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Lipids. 2001 Oct;36(10):1117-24.

Postprandial triglyceride-rich lipoprotein metabolism and insulin sensitivity in nonalcoholic steatohepatitis patients.

Author information

1
Department of Internal Medicine, University of Turin, Italy. maurizio.cassader@unito.it

Abstract

Nonalcoholic steatohepatitis (NASH) is a syndrome frequently associated with obesity, diabetes mellitus, and dyslipidemia. Increased fasting insulinemia and blood glucose levels may trigger a reduced catabolism of lipoproteins rich in triglycerides by lipoprotein lipase (LPL) and an increase in their fasting and postprandial levels. An association between postprandial lipemia and coronary heart disease has been observed, and many studies now support this concept. The most important result of our study is the increase in triglyceride-rich lipoproteins response after a fat load in NASH patients, the increase of incremental area under the postprandial curve, and the duration of the hypertriglyceridemic peaks. The persisting postprandial plasma triglyceride elevation in NASH patients was mostly due to the elevated plasma level of large triglyceride-rich particles. These data are coupled with lower plasma HDL2-cholesterol levels. As for lipoprotein analyses, the number of apolipoprotein B100 (ApoB100) particles is not significantly different between the two groups, and the higher content of triglycerides in NASH very low density lipoproteins (VLDL) increases the triglyceride-to-ApoB ratio and the particle size. A decreased enzymatic activity of LPL or a defective assembly and secretion of VLDL from hepatocytes due to a moderate reduction in microsomal triglyceride transfer protein could be involved in the overloading of VLDL. Moreover, the undetectable levels of ApoB48 in triglyceride-rich lipoproteins fraction A could be related to the synthesis of smaller and denser chylomicrons. NASH patients not only are insulin resistant but also tend to present alterations in fatty meal delivery, suggesting that an increase in fasting plasma insulin and glucose, with insulin resistance, joins with depressed metabolism of triglyceride-rich lipoproteins. An increase in postprandial triglyceride levels with production of large VLDL suggests an atherogenic behavior of lipid metabolism, in accordance with the high prevalence of the metabolic syndrome in NASH patients. This paper suggests that a fat load may be useful in early detection of atherogenic risk in the presence of otherwise normal fasting plasma lipids.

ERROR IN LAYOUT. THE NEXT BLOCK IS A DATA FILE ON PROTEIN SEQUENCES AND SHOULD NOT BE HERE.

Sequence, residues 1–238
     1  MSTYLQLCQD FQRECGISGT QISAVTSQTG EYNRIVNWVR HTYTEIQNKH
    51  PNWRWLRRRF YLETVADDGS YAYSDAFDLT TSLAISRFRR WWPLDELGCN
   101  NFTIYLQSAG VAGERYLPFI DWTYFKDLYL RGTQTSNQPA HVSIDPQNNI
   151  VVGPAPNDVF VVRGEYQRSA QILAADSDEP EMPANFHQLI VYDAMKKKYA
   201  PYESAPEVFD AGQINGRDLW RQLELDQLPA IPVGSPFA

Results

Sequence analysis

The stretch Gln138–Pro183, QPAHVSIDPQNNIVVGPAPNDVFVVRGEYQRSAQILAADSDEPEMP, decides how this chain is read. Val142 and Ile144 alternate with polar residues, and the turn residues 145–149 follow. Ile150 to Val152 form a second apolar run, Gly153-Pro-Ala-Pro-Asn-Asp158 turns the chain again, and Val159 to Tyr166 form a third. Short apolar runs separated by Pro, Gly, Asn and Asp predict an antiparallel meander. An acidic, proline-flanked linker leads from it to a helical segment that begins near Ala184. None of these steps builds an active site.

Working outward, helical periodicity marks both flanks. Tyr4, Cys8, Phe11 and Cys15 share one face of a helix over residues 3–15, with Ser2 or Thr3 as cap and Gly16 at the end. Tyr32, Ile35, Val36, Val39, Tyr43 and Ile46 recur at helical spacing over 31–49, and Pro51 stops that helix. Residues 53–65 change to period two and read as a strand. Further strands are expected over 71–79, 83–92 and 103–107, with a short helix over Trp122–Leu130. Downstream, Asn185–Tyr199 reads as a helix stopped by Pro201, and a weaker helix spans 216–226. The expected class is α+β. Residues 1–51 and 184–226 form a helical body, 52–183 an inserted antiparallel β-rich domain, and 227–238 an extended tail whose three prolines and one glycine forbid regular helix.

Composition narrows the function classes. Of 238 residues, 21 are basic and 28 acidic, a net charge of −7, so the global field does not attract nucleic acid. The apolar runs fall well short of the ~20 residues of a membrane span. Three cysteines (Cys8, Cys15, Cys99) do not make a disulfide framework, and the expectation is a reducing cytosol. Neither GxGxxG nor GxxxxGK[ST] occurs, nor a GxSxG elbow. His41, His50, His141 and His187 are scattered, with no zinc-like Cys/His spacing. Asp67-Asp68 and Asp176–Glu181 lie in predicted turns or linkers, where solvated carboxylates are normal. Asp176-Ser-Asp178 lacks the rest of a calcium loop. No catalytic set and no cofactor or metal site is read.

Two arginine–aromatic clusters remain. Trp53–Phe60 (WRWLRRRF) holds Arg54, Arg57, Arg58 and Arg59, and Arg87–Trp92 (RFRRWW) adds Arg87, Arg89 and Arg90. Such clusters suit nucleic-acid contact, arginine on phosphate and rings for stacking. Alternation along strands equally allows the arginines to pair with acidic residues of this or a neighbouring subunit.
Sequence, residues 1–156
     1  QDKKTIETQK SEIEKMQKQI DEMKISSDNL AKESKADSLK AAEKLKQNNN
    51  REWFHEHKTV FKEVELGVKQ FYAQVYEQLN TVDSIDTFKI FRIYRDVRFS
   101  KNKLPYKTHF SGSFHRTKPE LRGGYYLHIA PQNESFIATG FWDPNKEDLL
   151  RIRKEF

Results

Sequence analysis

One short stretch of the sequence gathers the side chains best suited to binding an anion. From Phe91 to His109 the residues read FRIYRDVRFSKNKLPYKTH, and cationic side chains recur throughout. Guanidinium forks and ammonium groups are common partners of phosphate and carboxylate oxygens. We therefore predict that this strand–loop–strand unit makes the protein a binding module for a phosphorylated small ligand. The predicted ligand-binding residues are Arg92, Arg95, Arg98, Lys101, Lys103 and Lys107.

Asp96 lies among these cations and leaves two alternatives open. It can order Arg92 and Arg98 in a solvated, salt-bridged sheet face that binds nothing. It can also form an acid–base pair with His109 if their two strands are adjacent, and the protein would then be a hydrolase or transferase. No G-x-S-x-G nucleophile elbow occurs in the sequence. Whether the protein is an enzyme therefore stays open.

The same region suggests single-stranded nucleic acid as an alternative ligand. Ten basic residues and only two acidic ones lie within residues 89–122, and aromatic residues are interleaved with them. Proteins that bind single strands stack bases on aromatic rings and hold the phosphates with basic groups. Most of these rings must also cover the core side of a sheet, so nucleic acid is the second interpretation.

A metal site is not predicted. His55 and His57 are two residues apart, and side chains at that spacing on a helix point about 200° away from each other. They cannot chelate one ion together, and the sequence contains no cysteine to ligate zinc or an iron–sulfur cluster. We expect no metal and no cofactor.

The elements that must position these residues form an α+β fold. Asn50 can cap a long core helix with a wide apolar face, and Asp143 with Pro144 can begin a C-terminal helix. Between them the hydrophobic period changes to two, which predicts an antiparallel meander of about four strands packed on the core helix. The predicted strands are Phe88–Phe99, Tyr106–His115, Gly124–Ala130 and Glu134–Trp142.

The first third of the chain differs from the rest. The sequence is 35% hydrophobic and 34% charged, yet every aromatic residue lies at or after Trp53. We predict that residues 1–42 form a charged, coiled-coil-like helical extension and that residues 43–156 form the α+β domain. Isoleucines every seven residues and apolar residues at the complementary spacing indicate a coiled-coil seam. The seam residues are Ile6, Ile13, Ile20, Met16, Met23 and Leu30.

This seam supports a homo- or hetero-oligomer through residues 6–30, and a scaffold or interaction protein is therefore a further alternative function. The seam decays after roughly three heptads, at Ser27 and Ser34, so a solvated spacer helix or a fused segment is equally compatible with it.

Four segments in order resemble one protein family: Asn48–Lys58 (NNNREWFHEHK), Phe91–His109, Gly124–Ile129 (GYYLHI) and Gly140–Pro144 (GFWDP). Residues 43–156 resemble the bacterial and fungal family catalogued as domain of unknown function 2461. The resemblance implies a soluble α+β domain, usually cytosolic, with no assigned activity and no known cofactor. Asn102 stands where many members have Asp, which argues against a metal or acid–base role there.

PMID:
11768156
[Indexed for MEDLINE]

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